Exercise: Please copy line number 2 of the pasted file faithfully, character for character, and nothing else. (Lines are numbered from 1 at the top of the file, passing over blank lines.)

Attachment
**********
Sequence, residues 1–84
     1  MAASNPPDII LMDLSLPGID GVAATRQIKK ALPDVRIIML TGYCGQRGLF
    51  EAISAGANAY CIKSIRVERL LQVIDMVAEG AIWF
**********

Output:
     1  MAASNPPDII LMDLSLPGID GVAATRQIKK ALPDVRIIML TGYCGQRGLF